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Police Search for Elizabeth Smart, But Lack Useful Leads

Aired June 7, 2002 - 13:03   ET


DARYN KAGAN, CNN ANCHOR: Right now we want to go out to Utah. And that is where Tom Smart -- he is the Uncle of Elizabeth Smart, the missing 14-year-old -- is speaking.

Let's listen in.


TOM SMART, ELIZABETH'S UNCLE: ... and I want you to know that a sister of one of the friends came and talked to us late at night. She says, look, I don't know anything about this, but my sister does. And she's on her way; she's flying in right now, and she wants to talk to you.

I didn't know. We didn't know. But they talked to us, and by the time they started getting people here they said, listen, we need to find a place for a command center. And it was midnight. And a friend and I came down and we said, OK, where is this going to be. And we went to a neighbor friend and said, what can we do? And he said, well, they vote down here at Shriners, and there's a fire station; and maybe we can do it in a home; and there's this church, and everything like that -- because it's a working fire station, because we had no idea of how big this was going to get.

We just went right down to Shriners, talked to the -- we talked to the maintenance person or security person who was here. Within three minutes she had me on with an administrator, and within four minutes they said, you can have anything you want. And this is -- you can see here what a miracle this is that we have this. And the Shriners Hospital is responsible for that. And the Laura Foundation is responsible for helping us get this set up.

And I believe we're going to find her. And I believe that it's very important that we continue doing this.

So the family would like to thank you for all of that, and recognize those two people. We'd also like to say that a lot of talk has probably been said about the (ph) Smart, because we're here and everything like that. The Francom (ph) family is Lois' family. And they have, I believe, eight children. They probably have had 50 or 60 family -- direct family. I think they each have about eight kids. And they've been up here every day.

They asked not to be part of the press releases and everything like that. They said, we want to be out on the streets; and they're out there right now. I can't tell you the love for the Francom family, and how involved they've been, and their neighbors and friends. And I just want you all to know that.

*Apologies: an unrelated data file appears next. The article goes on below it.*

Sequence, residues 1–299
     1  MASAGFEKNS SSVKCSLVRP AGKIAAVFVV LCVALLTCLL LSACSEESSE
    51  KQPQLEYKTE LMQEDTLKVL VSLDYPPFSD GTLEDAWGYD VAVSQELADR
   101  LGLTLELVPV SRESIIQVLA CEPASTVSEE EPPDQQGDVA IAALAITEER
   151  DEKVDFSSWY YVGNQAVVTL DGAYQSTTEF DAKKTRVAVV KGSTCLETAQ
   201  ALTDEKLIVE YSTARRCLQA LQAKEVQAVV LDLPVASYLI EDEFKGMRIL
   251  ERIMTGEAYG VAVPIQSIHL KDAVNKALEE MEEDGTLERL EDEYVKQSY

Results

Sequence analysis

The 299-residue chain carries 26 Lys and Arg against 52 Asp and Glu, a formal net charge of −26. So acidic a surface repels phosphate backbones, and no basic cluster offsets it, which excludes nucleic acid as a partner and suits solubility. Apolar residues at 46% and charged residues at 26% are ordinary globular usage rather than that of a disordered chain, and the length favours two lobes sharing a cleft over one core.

I don't think that we have anything else to say. But thank you, and God bless.

And there's one other thing I wanted to say. Edward is -- was physically exhausted. The detective's going to talk about this. But Edward and Lois -- Lois' father passed away, and his funeral was on Monday. Edward and Lois were spent 100 percent before this happened. They had been on a death watch for a month before that. He had been trying to sell his house. I mean, they're -- I mean, we love our brother; we love Ed and Lois so much. And I know they wish they could be there. And God bless them, that they get some sleep and some rest. And I know that they both thank you.

And that's all we have to say. Thank you very much.

KAGAN: Listening to some -- well, let's see what the police officer has to say.

CAPT. SCOTT ATKINSON, SALT LAKE CITY POLICE: A couple of things that happened overnight that I'm sure that you're all aware of is the sighting of a person up the canyon that appeared to be clothed like what our suspect was described as. They are currently still in the canyon, looking for that person. At this point they've been unable to locate that person.

We are treating that just like we would any other of the leads. We have people following up on that. We have not pulled other resources to go up there. We continuing to follow other leads. That one is, in fact, just one of the many things that we're doing at this time.

The other thing is the thing this morning that happened. Quite early this morning we were called to the house. Edward had actually become very, very exhausted. He's been taken to a hospital where he has been admitted for exhaustion. As you heard Tom say, the stress of this whole thing is mounting, and the family is feeling it. Talking to family just earlier, they told me that they believe that Lois is back at the house currently, sound asleep, which is good news. We need them to get their rest so that as this progresses they'll be able to help us.

At this point I'll take any of the questions that you have, and we'll go from there.

Oh, Dwayne (ph) wants me to remind everyone that the tip line that we have for this missing girl is 799-3000; or the 800 number, which is 1-800-932-0190. We are continually getting the same amount of calls coming in, trying to provide us with leads. Today, earlier this morning, there have been other agencies in the valley who have lent their support by sending us detectives who are continuing to help us to follow up on those leads.

So I'll take any of your questions that you have.

QUESTION: Captain, can you tell us anything about the work the FBI profilers have done so far? Have your -- your officers are speaking with them?

ATKINSON: Actually, the profilers have been involved, actually, from the very beginning. They actually flew out last night. This morning they are working with our detectives to put together that profile. I don't believe that all that work has been done yet. And they are working with the case agents as we speak.

QUESTION: What's the exact nature of what went down in Emigration Canyon last night? And are those searchers credible people?